WUSD receives substance abuse prevention grant earns Quality Plus rating
WILLIAMS, Ariz. — In response to suggestions for more drug prevention programs at Williams Unified School District, administrators applied for and received a grant from the Governor’s Office of Youth, Faith and Family (GOYFF ) for Healthy Families – Healthy Youth, a substance abuse prevention pilot program for seventh grade youth and their families.
Williams Elementary-Middle School (WEMS) will host the workshop Sept. 20 from 5:30 p.m. to 8 p.m. at the WEMS cafeteria and Parenteau Auditorium.
The “Healthy Families – Healthy Youth” pilot program is a back-to-school night of education funded through the Substance Abuse Mental Health Services Administration Substance Abuse Prevention Block Grant. The program will take place after a regular school day and will provide families with age-appropriate substance abuse education and the opportunity to develop a family substance abuse prevention plan.
The pilot program will run in all 15 counties throughout the month of September, offering early education and proven best practices across the state of Arizona. The governor’s office chose one school from each county to receive a grant for the program.
GOYFF, in partnership with Pima Prevention Partnership and Cox Communications, created the program with input from Arizona based substance use prevention and addiction professional and people in recovery to ensure up-to-date reliable information since youth substance is constantly changing as new drugs, devices, and culture change.
“We are really excited about this program,” said program coordinator and WEMS School Nurse Amber McMahon. “It’s a completely scripted program, we received training in August to ensure we use it correctly.”
The program is in a back-to-school night format and will be conducted in a 2.5-hour timeframe outside the regular school day. McMahon said the workshop is designed for seventh graders and their parents or other trusted adults.
There will be several components to the program which include a welcome and orientation, a break-out session where students are separated from adults, and then a final session where adults and youth can discuss what they have learned.
During the youth session, students will discuss common pressures leading to substance use, effective ways to lessen their stress without using drugs or alcohol, and ways to say ‘no’. Youth will also prepare for the family session by identifying low-cost and accessible individual and family activities to do as a way to build family bonds and avoid substance abuse.
Adults will learn about current drugs and their effects, signs of youth substance use, and strategies for preventing first substance use. The adult session is specifically designed to prepare participants to have a conversation with their children and complete a prevention plan together. The adult session will cover the signs of drug abuse and adults will learn about what drugs are common with youth today and how they hide it.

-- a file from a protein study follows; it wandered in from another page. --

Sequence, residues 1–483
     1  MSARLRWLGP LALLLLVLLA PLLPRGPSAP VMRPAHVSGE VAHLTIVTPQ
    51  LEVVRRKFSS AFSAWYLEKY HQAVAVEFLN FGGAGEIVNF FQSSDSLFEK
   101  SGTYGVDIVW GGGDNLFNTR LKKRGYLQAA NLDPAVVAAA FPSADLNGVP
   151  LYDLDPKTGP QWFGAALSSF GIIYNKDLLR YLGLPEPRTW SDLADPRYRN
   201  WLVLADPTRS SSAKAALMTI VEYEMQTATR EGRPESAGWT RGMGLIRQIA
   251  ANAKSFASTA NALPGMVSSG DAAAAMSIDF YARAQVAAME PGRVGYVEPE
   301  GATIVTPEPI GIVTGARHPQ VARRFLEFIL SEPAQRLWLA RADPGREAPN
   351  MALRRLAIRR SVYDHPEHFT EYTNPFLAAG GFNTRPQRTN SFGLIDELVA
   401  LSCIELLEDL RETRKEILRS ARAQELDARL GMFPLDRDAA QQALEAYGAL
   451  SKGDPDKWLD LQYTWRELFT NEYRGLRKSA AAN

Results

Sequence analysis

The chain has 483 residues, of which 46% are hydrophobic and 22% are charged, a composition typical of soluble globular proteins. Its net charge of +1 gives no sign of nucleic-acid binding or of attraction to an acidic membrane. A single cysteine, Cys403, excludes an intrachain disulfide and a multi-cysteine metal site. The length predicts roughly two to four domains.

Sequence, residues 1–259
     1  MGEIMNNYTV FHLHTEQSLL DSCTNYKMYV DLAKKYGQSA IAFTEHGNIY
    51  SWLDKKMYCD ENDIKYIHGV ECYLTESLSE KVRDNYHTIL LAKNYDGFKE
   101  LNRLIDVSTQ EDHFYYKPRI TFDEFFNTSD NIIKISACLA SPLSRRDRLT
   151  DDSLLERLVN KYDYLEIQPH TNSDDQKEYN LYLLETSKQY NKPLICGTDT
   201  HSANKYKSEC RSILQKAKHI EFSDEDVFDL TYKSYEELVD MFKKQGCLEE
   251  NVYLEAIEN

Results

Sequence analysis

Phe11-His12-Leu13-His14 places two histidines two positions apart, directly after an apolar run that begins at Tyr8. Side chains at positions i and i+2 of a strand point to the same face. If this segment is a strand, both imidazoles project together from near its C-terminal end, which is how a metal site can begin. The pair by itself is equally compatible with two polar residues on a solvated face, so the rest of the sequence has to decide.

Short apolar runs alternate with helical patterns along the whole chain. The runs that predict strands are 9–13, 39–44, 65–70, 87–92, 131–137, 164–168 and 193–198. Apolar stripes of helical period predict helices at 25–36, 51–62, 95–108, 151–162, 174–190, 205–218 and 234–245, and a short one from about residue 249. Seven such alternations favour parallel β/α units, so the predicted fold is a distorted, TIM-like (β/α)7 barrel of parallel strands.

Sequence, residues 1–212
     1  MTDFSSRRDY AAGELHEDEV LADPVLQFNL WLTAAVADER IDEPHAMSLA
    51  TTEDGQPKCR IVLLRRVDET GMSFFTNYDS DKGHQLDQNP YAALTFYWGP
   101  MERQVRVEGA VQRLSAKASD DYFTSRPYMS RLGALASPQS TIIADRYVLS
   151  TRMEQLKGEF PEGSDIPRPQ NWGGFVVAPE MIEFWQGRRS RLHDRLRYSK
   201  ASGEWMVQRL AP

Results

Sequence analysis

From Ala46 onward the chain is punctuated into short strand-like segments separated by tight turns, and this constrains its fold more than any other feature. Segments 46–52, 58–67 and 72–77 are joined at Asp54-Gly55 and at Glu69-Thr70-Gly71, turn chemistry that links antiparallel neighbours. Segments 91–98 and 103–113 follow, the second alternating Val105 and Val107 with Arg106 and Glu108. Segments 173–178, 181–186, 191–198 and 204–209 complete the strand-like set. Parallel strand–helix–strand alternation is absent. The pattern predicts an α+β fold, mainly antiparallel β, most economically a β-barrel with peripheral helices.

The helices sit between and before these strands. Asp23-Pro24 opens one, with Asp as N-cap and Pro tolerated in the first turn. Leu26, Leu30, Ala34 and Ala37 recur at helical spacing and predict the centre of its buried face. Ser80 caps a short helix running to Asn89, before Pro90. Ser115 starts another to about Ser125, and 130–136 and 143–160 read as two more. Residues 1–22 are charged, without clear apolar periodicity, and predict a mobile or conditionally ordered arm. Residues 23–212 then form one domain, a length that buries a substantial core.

“The program gives tips to look for such as drugs in eye drops,” McMahon said. “There also is cannabis oil made into chap stick. There are all kinds of sneaky ways they do things now.”
According to GOYFF, the average age when Arizona youth begin to use an addictive substance is now 13 years old — and, with 90 percent of addicts starting to smoke, drink or use other drugs prior to age 18, it is clear that that early invention and education is a must.
“The best way to treat addiction is to get ahead of the problem and prevent it,” Gov. Ducey said. “Bringing families together and educating them about the realities of substance abuse is one of the best ways to do that.”
During the final session, adults and youth will come together to eat dinner and engage in family conversation. They will use the dialogue and tools obtained during their respective sessions to help them formulate a family substance use prevention plan. The dinner is being catered by Doc Holidays and will include a dessert by the Williams High School culinary class.
“We’re really trying to get the participation,” McMahon said. “We don’t want parents to have to worry about dinner.”
McMahon said there will also be other incentives to attend the program. She said parents will receive a $10 gas card and students will get t-shirts and McDonald’s gift cards.
“We are also doing a gender war,” McMahon said. “If more girls show up than boys they will get a pizza party and movie.
Although the program is designed for adults and seventh graders, the workshop will have childcare for those who have other children that need to attend.
McMahon said she is hoping to see a high number of participants so the school can receive the funding again next year.
“It’s basically a data driven program and because it’s a pilot program we want it to be successful,” she said.
The school will use any remaining money from the grant to do continuation programs throughout the school year. They hope to provide assemblies and speakers to the school to address the other grades in the school.
“Seventh grade is the common first age for use,” said WEMS Student Services Director Maya Caldwell. “But the neat thing is this really started us off to talking about things for sixth and eighth grades. We want to stagger the education somehow. We’re going to try to do prevention here before they move up to high school.”
McMahon said she hopes to see every seventh grader and their parents or guardians at the workshop.
“One thing is clear: we must prevent the first use,” said Debbie Moak, director of the Governor’s Office of Youth, Faith and Family. “Substance abuse is a serious and growing problem and deserves to be treated as such. This pilot program is one of the many steps we’re taking to let people know that they don’t have to fight addiction alone.”